Wonder shall never end: It is public knowledge that girls born on the the Caribbean village of Salinas allegedly turn into boys and grow penises when they hit puberty due to a rare genetic disorder linked to a missing enzyme.
One in 90 children born in the village located in the Dominican Republic will have made the genetic transition by the time they reach the age of 12.
Medical experts theorise that missing enzyme which prevents the production of a type of male sex hormone – dihydro-testosterone – in the womb is the reason for the puberty-induced gender.
All babies in the womb, whether male or female, have internal glands known as gonads and a small bump between their legs called a tubercle.
Male babies who carry the Y chromosome start to produce the dihydro-testosterone hormone in large amounts at around eight weeks old. This then turns the tubercle into a penis and for females, the tubercle becomes a clitoris.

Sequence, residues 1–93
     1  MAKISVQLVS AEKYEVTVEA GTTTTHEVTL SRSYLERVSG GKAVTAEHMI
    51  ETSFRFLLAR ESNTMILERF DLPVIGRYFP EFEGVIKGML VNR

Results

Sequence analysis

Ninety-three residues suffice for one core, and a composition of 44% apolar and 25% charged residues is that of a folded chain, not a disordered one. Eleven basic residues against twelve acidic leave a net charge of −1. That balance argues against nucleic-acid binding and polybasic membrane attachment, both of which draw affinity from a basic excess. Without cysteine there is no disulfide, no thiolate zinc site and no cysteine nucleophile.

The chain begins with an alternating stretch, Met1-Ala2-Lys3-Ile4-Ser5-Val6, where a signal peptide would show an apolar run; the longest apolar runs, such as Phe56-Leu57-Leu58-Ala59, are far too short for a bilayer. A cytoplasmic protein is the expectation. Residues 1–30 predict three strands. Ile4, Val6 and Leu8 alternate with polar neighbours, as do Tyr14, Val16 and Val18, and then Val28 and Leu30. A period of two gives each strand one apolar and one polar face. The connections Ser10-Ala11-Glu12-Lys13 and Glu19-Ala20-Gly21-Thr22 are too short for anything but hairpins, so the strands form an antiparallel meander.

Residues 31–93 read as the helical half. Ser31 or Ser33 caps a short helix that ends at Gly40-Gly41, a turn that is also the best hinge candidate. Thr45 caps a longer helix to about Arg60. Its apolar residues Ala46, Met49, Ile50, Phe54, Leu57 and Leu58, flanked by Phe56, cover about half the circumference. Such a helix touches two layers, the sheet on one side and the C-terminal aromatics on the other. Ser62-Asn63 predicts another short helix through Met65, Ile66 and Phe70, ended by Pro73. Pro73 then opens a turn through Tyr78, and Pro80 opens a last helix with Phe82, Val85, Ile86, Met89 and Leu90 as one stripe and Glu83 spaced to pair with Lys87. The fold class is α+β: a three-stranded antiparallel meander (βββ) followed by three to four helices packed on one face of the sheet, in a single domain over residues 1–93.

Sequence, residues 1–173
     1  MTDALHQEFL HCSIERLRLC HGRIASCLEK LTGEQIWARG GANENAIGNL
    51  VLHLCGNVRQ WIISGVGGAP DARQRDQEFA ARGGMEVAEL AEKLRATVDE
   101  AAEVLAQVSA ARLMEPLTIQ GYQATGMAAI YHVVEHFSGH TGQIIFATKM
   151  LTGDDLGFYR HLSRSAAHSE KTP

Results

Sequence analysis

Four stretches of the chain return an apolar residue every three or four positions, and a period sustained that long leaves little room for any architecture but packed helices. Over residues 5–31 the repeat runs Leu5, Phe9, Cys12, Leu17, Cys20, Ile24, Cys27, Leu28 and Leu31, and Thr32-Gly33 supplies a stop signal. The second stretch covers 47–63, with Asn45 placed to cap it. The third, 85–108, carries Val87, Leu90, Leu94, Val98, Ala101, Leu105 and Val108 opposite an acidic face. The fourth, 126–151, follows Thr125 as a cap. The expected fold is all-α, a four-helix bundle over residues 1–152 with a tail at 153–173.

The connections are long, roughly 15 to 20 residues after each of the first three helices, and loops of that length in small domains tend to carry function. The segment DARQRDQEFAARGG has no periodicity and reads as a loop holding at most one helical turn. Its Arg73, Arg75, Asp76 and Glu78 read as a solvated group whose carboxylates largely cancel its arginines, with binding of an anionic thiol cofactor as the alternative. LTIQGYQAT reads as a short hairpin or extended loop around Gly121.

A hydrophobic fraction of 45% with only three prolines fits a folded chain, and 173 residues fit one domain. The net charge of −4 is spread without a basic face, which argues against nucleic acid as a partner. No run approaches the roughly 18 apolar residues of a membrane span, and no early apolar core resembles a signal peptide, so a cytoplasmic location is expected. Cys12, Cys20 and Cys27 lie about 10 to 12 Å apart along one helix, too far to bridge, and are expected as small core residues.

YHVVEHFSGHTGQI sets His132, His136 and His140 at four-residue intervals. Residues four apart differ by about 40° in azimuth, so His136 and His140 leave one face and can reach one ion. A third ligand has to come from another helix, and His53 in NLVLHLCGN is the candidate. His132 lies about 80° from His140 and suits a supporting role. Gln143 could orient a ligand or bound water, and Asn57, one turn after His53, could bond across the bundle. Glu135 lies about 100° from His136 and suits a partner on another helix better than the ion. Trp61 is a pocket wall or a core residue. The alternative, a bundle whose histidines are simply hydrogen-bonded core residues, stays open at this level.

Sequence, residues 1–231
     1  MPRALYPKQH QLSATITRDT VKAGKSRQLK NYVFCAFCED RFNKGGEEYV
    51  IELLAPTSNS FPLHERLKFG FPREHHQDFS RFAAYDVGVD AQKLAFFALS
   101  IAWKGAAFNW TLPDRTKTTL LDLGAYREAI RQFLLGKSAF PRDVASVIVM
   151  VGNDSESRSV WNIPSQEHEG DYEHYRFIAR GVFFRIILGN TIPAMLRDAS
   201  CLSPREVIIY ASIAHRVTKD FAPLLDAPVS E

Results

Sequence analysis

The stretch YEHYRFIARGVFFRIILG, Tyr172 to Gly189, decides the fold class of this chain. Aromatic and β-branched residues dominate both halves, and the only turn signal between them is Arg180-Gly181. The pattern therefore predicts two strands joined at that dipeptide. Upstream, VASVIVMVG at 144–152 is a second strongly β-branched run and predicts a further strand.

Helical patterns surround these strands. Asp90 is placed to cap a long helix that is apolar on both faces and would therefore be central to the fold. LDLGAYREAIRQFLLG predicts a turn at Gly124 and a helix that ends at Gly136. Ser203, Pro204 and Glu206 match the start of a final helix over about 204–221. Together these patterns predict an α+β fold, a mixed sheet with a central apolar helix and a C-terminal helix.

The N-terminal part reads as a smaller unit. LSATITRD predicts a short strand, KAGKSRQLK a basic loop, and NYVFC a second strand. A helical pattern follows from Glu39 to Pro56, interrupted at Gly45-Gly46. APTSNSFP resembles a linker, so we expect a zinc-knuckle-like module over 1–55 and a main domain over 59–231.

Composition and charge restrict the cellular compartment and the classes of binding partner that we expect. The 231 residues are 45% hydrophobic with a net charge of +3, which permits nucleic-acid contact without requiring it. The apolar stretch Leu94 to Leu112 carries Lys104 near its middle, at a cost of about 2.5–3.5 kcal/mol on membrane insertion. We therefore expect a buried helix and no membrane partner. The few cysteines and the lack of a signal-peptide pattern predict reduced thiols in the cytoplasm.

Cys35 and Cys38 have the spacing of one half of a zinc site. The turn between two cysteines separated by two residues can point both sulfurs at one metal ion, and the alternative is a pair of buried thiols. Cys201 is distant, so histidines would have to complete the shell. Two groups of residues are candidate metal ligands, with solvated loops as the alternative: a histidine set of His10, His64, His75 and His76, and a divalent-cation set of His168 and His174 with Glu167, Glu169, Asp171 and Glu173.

But for some male babies, the missing 5-α-reductase enzyme – which triggers the hormone surge – means they appear to be born female with no testes and what looks very much like a vagina.
At puberty, a large rise of testosterone triggers the male reproductive organs to grow, causing voices to deepen and a penis to develop.
The reverse is the case for children born with the genetic condition – a hormone surge means development that should have taken place in the womb happens around 12 years later.
The genetic condition is a norm in this village due to its frequency.